The second book in Jill Knapp's fabulous series about dating in New York picks up after Amalia Hastings returns to Manhattan from her trip to Brazil - and finds that life has indeed gone on without her. Fresh off the plane, Amalia's feeling anxious and unresolved; left alone to pick up the pieces and deal with the repercussions of choosing her own path over Michael. Without an apartment, without a job, and starting to wonder if she's even without a best friend, she finds herself holding on tightly to the one thing she is familiar with, New York City. Sometimes you have to let go of who you were to become who you will be...
"A collection of original, transportation-themed poetry for children accompanied by striking photos. The book demonstrates a variety of common poetic forms and defines poetic devices"--Provided by publisher.
One mom determined to get the best education for her dyslexic son, offers practical tips and advice for other parents navigating the public-school system. Both a rallying cry and an invaluable resource, One in Five details the national education crisis as it impacts the one in five children who have dyslexia. Micki Boas, mother to two dyslexic sons, wrote this book because too many parents feel isolated and defeated in their efforts to secure an equal chance for their children. After fighting the school system for six years to get the correct diagnoses and proper learning assistance for her sons, Boas realized that parents need to hack the system, cutting through the invisible red tape of school funding, IEPs, specialized teacher training, and more. Drawing on insights from over 200 parents, educators, and experts, Boas explains why most children are diagnosed too late to get the help they need, and why the majority of our schools fail to provide the special education programs mandated by law. Most important, through her own story and those of other tireless parents and leaders, she shows what you can do about it. One in Five shares the secrets the “professionals” won’t tell you—but that make all the difference.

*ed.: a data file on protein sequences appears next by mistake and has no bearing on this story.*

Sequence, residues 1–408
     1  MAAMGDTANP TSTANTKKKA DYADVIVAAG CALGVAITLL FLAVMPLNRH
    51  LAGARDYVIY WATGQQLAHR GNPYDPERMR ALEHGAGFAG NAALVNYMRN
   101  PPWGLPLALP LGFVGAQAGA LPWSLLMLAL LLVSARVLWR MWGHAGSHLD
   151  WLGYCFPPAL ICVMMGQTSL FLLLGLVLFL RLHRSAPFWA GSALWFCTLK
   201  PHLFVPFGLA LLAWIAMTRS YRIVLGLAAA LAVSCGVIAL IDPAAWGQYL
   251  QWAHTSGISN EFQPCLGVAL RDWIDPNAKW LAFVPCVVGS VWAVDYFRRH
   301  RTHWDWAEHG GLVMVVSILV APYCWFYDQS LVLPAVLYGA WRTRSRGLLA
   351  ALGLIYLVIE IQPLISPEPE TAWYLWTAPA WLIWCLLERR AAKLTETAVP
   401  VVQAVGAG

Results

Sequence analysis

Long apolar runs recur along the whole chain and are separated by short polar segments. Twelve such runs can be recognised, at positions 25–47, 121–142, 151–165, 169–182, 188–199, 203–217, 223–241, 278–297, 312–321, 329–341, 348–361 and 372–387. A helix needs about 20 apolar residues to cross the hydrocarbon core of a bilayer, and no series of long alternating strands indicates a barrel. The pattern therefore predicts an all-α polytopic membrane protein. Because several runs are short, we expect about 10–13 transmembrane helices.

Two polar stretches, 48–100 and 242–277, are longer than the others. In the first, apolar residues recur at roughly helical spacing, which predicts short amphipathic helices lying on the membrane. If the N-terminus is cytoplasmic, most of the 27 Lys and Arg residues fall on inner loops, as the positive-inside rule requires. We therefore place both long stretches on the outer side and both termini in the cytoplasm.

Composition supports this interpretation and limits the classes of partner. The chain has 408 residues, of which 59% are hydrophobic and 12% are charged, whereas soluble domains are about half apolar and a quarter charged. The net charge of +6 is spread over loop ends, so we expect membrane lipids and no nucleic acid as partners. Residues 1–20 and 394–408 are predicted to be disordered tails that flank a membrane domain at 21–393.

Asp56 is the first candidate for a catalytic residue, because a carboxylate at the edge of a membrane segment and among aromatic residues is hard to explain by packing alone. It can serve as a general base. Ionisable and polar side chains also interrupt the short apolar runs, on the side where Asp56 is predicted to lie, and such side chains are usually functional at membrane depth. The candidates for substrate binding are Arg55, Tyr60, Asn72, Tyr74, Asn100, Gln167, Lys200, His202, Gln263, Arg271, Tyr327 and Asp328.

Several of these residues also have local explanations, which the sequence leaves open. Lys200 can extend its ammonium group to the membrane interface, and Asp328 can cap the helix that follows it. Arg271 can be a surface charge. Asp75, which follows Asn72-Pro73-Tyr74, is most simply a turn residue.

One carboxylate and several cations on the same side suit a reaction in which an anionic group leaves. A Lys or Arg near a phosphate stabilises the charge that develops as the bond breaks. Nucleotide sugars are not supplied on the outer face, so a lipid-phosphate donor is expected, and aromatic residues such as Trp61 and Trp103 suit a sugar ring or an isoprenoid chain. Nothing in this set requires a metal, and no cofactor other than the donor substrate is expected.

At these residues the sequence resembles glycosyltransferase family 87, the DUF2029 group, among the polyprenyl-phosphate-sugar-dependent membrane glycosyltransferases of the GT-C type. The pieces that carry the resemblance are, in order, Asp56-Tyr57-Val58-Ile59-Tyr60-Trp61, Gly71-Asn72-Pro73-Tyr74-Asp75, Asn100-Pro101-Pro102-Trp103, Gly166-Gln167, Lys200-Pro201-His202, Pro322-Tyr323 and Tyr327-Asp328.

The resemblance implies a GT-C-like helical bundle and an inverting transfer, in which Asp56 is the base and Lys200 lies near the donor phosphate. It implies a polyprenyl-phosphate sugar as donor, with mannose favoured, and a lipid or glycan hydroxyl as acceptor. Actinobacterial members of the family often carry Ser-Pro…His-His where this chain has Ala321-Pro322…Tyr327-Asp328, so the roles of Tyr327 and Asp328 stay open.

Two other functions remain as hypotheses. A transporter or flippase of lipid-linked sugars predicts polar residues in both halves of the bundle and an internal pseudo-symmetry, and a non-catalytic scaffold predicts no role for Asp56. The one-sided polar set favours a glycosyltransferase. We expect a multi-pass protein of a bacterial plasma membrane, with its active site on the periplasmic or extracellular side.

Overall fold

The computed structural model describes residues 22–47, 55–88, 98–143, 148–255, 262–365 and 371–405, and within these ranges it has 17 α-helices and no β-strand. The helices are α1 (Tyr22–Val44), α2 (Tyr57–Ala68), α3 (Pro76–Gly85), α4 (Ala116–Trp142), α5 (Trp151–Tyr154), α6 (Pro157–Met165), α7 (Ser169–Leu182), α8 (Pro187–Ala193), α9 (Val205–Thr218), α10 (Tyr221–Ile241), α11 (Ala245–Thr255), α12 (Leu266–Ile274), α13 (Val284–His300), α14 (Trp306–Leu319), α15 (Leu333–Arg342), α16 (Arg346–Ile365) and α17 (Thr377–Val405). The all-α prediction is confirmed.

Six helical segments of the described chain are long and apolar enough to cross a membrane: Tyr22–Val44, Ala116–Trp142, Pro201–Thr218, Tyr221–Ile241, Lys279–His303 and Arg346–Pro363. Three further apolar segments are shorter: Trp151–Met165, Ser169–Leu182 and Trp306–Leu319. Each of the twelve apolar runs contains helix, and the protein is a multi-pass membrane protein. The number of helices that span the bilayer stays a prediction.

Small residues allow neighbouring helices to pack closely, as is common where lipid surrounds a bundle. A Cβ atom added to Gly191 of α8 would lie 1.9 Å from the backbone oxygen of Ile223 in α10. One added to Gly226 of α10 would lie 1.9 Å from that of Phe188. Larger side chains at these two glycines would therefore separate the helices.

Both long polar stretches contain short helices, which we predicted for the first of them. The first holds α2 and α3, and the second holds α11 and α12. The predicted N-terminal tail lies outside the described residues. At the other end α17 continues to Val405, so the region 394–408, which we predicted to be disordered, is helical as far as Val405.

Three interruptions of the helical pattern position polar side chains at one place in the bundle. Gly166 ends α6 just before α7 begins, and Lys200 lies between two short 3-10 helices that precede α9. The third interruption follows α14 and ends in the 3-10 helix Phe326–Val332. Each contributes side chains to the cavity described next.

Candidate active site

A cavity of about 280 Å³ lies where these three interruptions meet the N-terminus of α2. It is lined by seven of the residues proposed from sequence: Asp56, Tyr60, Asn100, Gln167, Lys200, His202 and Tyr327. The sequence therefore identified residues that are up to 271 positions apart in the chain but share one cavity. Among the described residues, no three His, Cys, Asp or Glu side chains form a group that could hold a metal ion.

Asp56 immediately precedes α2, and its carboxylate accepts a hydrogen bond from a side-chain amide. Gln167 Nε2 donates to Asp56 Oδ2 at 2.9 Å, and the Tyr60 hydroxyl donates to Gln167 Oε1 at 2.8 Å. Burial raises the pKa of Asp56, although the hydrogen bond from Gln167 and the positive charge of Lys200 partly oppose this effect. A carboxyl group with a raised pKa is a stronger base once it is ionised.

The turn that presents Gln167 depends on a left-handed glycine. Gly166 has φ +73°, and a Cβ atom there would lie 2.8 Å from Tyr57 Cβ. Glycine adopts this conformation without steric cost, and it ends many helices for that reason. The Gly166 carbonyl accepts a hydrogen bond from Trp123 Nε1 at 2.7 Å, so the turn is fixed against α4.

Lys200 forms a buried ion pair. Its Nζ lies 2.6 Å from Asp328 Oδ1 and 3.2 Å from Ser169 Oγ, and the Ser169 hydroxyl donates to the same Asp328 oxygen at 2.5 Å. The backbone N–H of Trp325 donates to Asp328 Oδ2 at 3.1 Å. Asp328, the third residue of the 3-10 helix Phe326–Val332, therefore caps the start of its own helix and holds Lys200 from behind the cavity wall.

"A seminal study of London street life in the middle of the [19th] century ... [with] details of Victorian lower-class life, such as what kinds of foods were sold on the streets, how financial transactions with street-sellers were conducted, and how vendors 'cried' their wares ... The study had its origin in a series of eighty-two articles, published from October 1849 through December 1850, entitled 'Labour and the poor', in the Morning Chronicle ..."--Oxford Dictionary of National Biography.